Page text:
During B-cell development, RAG endonuclease cleaves immunoglobulin heavy chain (IgH) V, D, and J gene segments and orchestrates their fusion as deletional events that assemble a V(D)J exon in the same transcriptional orientation as adjacent Cμ constant region exons. In mice, six additional sets of constant region exons (CHs) lie 100–200 kilobases downstream in the same transcriptional orientation as V(D)J and Cμ exons. Long repetitive switch (S) regions precede Cμ and downstream CHs. In mature B cells, class switch recombination (CSR) generates different antibody classes by replacing Cμ with a downstream CH (ref. 2). Activation-induced cytidine deaminase (AID) initiates CSR by promoting deamination lesions within Sμ and a downstream acceptor S region; these lesions are converted into DNA double-strand breaks (DSBs) by general DNA repair factors. Productive CSR must occur in a deletional orientation by joining the upstream end of an Sμ DSB to the downstream end of an acceptor S-region DSB. However, the relative frequency of deletional to inversional CSR junctions has not been measured. Thus, whether orientation-specific joining is a programmed mechanistic feature of CSR as it is for V(D)J recombination and, if so, how this is achieved is unknown. To address this question, we adapt high-throughput genome-wide translocation sequencing into a highly sensitive DSB end-joining assay and apply it to endogenous AID-initiated S-region DSBs in mouse B cells. We show that CSR is programmed to occur in a productive deletional orientation and does so via an unprecedented mechanism that involves in cis Igh organizational features in combination with frequent S-region DSBs initiated by AID. We further implicate ATM-dependent DSB-response factors in enforcing this mechanism and provide an explanation of why CSR is so reliant on the 53BP1 DSB-response factor.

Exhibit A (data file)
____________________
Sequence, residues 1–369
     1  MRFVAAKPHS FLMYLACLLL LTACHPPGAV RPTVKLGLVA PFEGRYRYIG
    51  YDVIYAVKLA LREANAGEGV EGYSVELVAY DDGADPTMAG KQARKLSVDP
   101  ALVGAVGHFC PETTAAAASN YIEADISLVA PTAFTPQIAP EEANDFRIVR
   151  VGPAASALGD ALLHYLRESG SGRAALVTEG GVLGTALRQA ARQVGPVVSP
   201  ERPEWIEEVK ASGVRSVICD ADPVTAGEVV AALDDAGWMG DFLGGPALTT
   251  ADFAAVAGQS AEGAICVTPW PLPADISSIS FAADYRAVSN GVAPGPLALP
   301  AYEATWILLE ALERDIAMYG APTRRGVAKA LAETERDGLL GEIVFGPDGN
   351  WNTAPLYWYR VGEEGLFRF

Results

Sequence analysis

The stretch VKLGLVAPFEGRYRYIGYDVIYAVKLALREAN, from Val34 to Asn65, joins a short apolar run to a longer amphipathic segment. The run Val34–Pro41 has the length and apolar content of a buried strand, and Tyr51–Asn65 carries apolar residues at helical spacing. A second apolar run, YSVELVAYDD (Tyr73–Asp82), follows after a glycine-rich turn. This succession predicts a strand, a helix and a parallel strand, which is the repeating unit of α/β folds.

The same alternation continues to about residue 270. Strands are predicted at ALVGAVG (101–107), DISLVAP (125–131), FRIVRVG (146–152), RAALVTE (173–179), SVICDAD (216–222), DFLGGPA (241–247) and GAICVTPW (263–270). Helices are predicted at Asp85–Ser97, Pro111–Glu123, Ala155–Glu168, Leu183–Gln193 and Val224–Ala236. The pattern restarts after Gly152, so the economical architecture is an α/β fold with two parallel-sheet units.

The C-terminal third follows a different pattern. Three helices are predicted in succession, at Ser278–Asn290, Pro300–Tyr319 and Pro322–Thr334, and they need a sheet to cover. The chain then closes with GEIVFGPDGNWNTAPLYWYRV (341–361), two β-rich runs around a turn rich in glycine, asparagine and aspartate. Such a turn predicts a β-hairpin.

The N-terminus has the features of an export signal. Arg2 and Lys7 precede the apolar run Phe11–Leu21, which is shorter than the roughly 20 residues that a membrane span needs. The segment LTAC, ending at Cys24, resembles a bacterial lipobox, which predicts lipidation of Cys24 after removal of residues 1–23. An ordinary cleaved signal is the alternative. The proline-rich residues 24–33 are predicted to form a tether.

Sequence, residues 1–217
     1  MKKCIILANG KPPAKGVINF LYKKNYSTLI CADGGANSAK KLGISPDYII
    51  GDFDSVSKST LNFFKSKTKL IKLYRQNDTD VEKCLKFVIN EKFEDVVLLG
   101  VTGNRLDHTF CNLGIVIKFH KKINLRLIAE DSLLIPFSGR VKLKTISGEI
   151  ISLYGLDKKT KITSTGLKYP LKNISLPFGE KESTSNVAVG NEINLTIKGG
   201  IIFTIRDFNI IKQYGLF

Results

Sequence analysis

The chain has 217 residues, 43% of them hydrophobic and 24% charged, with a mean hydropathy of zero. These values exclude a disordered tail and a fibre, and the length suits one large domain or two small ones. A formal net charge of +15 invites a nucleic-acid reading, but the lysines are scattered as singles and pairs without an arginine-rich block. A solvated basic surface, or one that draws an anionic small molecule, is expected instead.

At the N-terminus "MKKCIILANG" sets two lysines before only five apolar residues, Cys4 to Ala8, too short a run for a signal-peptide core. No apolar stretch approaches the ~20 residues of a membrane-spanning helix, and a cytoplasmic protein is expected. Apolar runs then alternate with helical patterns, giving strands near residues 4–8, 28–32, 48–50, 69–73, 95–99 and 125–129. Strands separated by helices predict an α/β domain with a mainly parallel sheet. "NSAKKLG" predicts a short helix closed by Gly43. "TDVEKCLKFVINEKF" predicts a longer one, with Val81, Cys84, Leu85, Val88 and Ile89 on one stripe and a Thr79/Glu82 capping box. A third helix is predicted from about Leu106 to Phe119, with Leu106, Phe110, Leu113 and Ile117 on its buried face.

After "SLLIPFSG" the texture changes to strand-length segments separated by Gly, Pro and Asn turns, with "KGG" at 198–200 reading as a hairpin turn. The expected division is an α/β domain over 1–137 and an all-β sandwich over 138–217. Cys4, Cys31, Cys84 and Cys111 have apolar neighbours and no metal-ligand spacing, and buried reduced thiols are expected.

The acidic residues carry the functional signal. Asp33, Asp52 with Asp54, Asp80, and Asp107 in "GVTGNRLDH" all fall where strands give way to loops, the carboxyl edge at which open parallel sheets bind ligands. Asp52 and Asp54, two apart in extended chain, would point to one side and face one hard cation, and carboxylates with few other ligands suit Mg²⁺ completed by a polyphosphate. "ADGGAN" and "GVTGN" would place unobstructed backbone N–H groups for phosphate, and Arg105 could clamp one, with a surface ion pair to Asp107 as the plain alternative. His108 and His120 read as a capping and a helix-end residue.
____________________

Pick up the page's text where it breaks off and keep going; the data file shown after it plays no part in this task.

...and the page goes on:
Categories: Literature

A four-helix bundle stores copper for methane oxidation

Nature - Wed, 08/26/2015 - 00:00

A four-helix bundle stores copper for methane oxidation

Nature 525, 7567 (2015). doi:10.1038/nature14854

Authors: Nicolas Vita, Semeli Platsaki, Arnaud Baslé, Stephen J. Allen, Neil G. Paterson, Andrew T. Crombie, J. Colin Murrell, Kevin J. Waldron & Christopher Dennison